Samantha Bee has slammed the $4.5 trillion wellness industry for touting potentially dangerous ‘pseudoscience,’ while calling out her ‘favorite offender’: Gwyneth Paltrow‘s lifestyle brand Goop.
In a recent segment on her show Full Frontal with Samantha Bee, the 50-year-old railed against alternative health products and treatments that are targeted at women without any real scientific backing.
‘What can seem like innocuous woo from charging your crystals in the moonlight to lighting a candle to ward off Mondays can quickly change into pseudoscience that at best is a waste of money and at worst is dangerous,’ Bee explained.
Scroll down for video
Using her voice: Samantha Bee called out Gwyneth Paltrow’s lifestyle company Goop in a recent segment on her show Full Frontal with Samantha Bee
Ire: The comedian said companies like Goop prey upon women by ‘making impossible claims’ without any real scientific backing. Paltrow is pictured at a Goop Health Summit in 2019
‘Women, in particular, are relentlessly preyed upon by companies that work to exploit their insecurities while making impossible claims,’ she continued. ‘It’s pseudoscience, and we can’t talk about it without first addressing my favorite offender: Goop.’
Paltrow’s Goop empire, which was valued at $250 million in 2018, includes a lifestyle website, a range of vitamins, skin-care products, and a Netflix docuseries, The Goop Lab, among other things.
‘Goop sells products that are perfect for the woman who has everything but the weirdest s**t in the world,’ the host said. ‘Things like vitamins that claim to help someone function at an “intense pace,” rip-off Lisa Frank stickers that boost “cell turnover,” psychic vampire repellent, and a vibrator that is also a necklace finished in 24 karat gold.’
Bee stressed that Goop has recommended ‘questionable spa treatments’ like vaginal steaming, which involves sitting over a bowl of boiling water and herbs.
Opinion: ‘Goop sells products that are perfect for the woman who has everything but the weirdest s**t in the world,’ the host said
‘Pseudoscience’: Bee called out a number of products sold by Goop, including $90 vitamins (left) and $27 psychic vampire repellent (right)
Just saying: Bee pointed out that Goop’s jade and rose quartz vagina eggs put women ‘at risk for bacterial vaginosis or toxic shock syndrome’
‘If that sounds dangerous and unnecessary, it’s because it is!’ she said, noting that one woman suffered from second-degree burns after attempting to steam her vagina.
Gynecologists have repeatedly warned that vaginal steaming can cause infections and is not proven to work.
‘Of course, none of that is going to stop Goop. They still sell products and treatments that claim to fix various medical issues even as they’re called out for fraud,’ Bee said.
In 2018, Goop agreed to pay a $145,000 settlement over a false advertising lawsuit in which prosecutors from the California Food, Drug and Medical Device Task Force alleged that three of the company’s female sexual health products were ‘not supported by competent and reliable science.’
Just say no: Bee stressed that Goop has recommended ‘questionable spa treatments’ like vaginal steaming, which involves sitting over a bowl of boiling water and herbs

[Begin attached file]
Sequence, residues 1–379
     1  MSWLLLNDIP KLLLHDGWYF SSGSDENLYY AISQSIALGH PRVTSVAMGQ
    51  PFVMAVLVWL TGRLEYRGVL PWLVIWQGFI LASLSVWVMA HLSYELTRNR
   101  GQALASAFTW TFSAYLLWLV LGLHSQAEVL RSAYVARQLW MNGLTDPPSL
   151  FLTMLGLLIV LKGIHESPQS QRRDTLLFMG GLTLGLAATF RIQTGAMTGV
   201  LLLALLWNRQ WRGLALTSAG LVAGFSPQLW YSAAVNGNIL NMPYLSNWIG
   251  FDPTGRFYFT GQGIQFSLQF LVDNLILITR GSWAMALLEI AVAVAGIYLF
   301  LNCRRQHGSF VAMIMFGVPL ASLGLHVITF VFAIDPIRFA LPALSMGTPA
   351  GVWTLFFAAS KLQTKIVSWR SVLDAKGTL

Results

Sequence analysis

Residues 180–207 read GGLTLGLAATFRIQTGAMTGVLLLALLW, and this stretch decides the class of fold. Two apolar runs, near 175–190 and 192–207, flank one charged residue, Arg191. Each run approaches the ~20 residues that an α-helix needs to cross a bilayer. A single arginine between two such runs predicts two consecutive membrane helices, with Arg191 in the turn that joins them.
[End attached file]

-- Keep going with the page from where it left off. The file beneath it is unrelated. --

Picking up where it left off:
Money maker: Paltrow’s Goop empire, which was valued at $250 million in 2018, includes a lifestyle website, a range of products, and a Netflix docuseries, The Goop Lab (pictured)
Among the products in question were Goop’s jade and rose quartz eggs, which sell for $66 and $55, respectively.
The company claimed the eggs could balance hormones, regulate menstrual cycles, prevent uterine prolapse and increase bladder control when inserted into a woman’s vagina.
‘Some women even sleep with that jade egg in their spunk huts, which can put a person at risk for bacterial vaginosis or toxic shock syndrome. It’s truly the worst thing Paltrow has endorsed putting inside your vagina since Chris Martin,’ Bee said, referring to the actress’s ex-husband.
Goop settled the lawsuit, but the wellness brand suggested that the power of the quartz vagina eggs was still up for debate.
Big picture: Bee ended the segment by noting that the country’s health is being put at risk because of wellness companies that encourage people to be suspicious of science
‘While Goop believes there is an honest disagreement about these claims, the company wanted to settle this matter quickly and amicably,’ the company told SFGate in a statement.
Bee pointed out that Goop is just one of countless wellness companies that take advantage of the FDA’s loose regulations by promising claims ‘they can’t possibly deliver.’
‘As long as the product doesn’t claim to mitigate, treat or cure anything, companies don’t have to prove it actually does what it’s advertising,’ she explained, adding: ‘Because there’s no legal definition for terms such as “clean” or “natural” those words can mean whatever the f**k companies want them to.’
The host ended the segment by noting that the country’s health is being put at risk because of wellness companies that encourage people to be suspicious of science.
‘Mistrust in science, in general, is the reason why so many people believe masks cause coronavirus and 30 per cent of Americans believe coronavirus was created in a lab. This is a terrible time to consciously uncouple from science,’ she said, mocking the term Paltrow famously used to describe her split from Martin.